Why are experts' beliefs and predictions so often wrong in their own areas of expertise? In Wrong but Useful: Why Experts Have Blind Spots, Yale Professor of Finance James Choi will argue that experts are led astray by being only partially adherent to statistician George Box's famous saying, "All models are wrong, but some are useful." He will draw, among other things, on his recent experience of having his paper, "Popular Personal Financial Advice versus the Professors," go viral.
Professor of Finance at Yale School of Management
Professor Choi’s research spans behavioral finance, behavioral economics, household finance, capital markets, health economics, and sociology. His work on automatic enrollment has led to changes in pension plan design around the world. In other papers, he has investigated topics such as the influence of social identity on economic preferences and outcomes, investor ignorance of mutual fund fees, the effect of deadlines and peer information on savings choices, how retail investor sentiment in China affects stock returns, and the use of subtle planning prompts to increase preventive health behaviors.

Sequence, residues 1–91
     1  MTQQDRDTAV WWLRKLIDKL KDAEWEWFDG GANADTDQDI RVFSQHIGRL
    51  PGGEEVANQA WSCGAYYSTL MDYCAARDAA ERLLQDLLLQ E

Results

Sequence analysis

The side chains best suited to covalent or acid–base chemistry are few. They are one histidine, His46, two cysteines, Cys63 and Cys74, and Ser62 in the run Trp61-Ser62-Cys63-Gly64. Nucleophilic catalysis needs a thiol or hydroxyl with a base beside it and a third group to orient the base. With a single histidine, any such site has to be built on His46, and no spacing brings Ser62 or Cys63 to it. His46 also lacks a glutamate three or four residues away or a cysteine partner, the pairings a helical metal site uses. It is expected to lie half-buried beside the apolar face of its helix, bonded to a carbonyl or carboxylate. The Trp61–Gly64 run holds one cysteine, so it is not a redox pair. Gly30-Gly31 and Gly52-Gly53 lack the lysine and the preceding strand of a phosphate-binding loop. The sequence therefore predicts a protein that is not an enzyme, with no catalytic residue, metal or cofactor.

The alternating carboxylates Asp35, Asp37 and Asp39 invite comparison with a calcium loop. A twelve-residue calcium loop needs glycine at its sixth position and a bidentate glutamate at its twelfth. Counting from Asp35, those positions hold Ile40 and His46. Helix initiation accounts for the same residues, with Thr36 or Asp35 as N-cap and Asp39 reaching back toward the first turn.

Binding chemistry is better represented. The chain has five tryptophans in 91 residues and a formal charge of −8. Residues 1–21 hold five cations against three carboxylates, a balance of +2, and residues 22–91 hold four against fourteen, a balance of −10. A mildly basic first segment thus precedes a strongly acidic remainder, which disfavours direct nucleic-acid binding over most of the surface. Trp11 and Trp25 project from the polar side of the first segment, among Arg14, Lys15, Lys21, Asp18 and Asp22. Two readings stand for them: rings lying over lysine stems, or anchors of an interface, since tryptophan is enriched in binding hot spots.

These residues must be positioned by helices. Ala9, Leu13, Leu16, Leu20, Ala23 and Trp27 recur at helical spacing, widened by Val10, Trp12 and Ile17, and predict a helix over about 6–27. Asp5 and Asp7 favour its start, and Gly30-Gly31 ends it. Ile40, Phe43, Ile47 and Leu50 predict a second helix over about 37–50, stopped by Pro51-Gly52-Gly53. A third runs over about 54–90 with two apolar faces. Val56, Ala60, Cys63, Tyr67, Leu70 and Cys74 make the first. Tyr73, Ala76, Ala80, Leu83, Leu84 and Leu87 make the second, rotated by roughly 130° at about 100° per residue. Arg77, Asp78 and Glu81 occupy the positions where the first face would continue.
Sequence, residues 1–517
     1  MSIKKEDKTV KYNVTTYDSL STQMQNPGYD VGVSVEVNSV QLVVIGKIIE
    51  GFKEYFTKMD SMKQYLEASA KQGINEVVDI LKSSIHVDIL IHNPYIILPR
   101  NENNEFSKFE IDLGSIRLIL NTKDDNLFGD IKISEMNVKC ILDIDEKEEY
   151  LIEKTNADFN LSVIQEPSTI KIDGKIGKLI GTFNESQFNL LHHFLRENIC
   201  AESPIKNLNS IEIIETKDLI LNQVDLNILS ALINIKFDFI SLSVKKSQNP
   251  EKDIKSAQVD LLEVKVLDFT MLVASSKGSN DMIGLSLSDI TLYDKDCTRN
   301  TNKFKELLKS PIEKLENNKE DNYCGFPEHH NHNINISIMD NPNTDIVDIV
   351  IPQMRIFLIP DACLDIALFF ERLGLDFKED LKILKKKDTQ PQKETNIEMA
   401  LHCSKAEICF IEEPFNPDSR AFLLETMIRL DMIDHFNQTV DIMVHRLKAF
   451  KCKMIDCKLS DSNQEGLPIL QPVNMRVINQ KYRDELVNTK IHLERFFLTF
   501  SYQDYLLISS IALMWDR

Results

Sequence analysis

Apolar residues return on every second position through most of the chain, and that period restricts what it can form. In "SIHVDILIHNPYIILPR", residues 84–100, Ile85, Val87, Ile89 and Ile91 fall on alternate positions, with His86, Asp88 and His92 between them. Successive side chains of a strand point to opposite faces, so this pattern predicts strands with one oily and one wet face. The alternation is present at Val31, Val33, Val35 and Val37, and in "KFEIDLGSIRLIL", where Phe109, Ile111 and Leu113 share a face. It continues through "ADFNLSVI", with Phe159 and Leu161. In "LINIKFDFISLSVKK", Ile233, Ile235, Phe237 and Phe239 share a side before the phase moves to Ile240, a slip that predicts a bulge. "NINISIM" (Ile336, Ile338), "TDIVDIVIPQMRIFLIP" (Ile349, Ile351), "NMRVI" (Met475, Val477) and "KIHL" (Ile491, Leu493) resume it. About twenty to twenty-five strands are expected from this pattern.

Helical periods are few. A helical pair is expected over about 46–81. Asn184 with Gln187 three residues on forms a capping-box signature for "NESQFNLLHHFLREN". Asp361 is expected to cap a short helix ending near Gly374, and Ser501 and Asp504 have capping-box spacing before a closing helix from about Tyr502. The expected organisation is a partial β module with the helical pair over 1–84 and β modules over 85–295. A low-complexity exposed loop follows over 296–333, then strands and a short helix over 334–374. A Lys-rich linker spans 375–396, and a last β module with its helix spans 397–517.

Professor Choi is a two-time recipient of the TIAA Paul A. Samuelson Award for outstanding scholarly writing on lifelong financial security. He is a Co-Director of the Retirement and Disability Research Center at the National Bureau of Economic Research, an Associate Editor at the Journal of Finance, a member of the American Finance Association’s Governance Committee and Ethics Committee, and a TIAA Institute Fellow. He has served on the FINRA Investor Issues Committee and a Technical Expert Panel for the U.S. Department of Health & Human Services.